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tions were followed in substance and changes were made in the bill, and the bill was greatly improved in order to properly effectuate its purposes.
The bill, known as "H.R. 8720", introduced in the House by Mr. Rayburn embraces these recommended changes. It is the feeling of the Reserve Board that the revised bill H.R. 8720 is workable, is right in principle, and will accomplish the purpose of regulating national securities exchanges under fair practices, that undue and excessive speculation will be properly curbed, that exchange credit will be properly restrained, and the undue use of credit in speculation be prevented. The Board is therefore prepared to approve the bill as revised.
The Board requests the privileges of making such further constructive suggestions as to the bill as may appear necessary or desirable as the result of the further study of the bill, and this request applies especially to questions affecting technical operations of the exchanges covered by the bill.
I am authorized to say that that is the attitude of the Federal Reserve Board on this bili.
I will be glad now to answer any questions the committee desires to ask, in respect to the position of the Board.
Mr. WOLVERTON. Mr. Chairman
Mr. WOLVERTON. Governor Black, I interpret your statement to mean that the Federal Reserve Board is satisfied with this bill and that it would not be disastrous to the business of the country?
Mr. BLACK. I do not think it would be disastrous and I do not think the Board thinks
sir. Mr. WOLVERTON. And you and your board feel that they can approve it, subject to any changes that you might wish to suggest that would come as a result of any testimony that would be or has been entered here since you gave it consideration; is that correct?
Mr. BLACK. And, for any further study that might develop, Mr. Wolverton, relative to the technical operations required by the bill, not fundamental principles.
The CHAIRMAN. Any further questions?
Mr. MERRITT. Governor Black, since the Federal Reserve Board is to take charge of the margin requirements, do you think it would be better to leave in the formula that is in the bill, or give the Board full discretion and let them make their own regulations subject to existing conditions?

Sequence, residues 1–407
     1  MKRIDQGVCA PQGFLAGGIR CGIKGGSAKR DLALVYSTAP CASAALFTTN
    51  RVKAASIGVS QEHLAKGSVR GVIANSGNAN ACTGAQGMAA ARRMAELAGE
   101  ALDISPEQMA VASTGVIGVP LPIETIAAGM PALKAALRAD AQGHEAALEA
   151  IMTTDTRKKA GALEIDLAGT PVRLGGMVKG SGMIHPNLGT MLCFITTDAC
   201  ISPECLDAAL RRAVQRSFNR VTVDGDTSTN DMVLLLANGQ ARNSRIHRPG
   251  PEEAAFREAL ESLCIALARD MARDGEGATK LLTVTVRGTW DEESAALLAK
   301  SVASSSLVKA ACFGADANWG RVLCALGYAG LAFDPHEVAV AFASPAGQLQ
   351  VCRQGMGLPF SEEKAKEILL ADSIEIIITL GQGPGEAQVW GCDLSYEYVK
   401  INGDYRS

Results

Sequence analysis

Governor BLACK. Mr. Merritt, you remember that this bill as drawn places the right to fix marginal requirements in the Federal Trade Commission.
Mr. MERRITT. I did not get that.
Governor Black. I say, you recall this bill as originally drawn fixed, or put the right, to fix margin requirements in the Federal Trade Commission.
Mr. MERRITT. Yes.
Governor Black. The bill was redrafted by the time it got to the Federal Reserve Board and under the final redraft it gave these figures as to margin requirements, plus the right in the Federal
Reserve Board to alter those marginal requirements at any time it wanted to in a higher measure, margin, and lower as it might want to in case of extreme national emergency,
The Board was not willing to accept the responsibility under that provision, and so stated. Then this bill as now drawn was prepared, which does give fixed requirements as to margins, as an expression, I take it, of legislative opinion as to what would be a proper marginal requirement under ordinary circumstances, and then does state under exigent circumstances, or words to that effect, the Board may fix the margin requirements in the interest of agriculture, commerce, and industry, and the credit conditions of the country.
The Board is willing to accept the responsibility of doing that under the terms of the act. I personally think that it would be much more scientific for that flexibility of these margin requirements to be left entirely to the Federal Reserve Board; but, I am making no require. ment as to that, and what is in the bill now was reached after the study of the different representatives, and the Board is willing to undertake the responsibility under the terms set forth in the bill
. I think it would be more scientific to have that matter flexible and the responsibility be on the Reserve Board and to leave it to their judgment.
Mr. Mares. Mr. Chairman-
Mr. Mapes. Governor Black, I understand you to say in substance that the Federal Reserve Board approves of the bill, subject to the right to make any recommendations in regard to the technical features of it after further study.
Governor Black. The technical features of the exchange operations.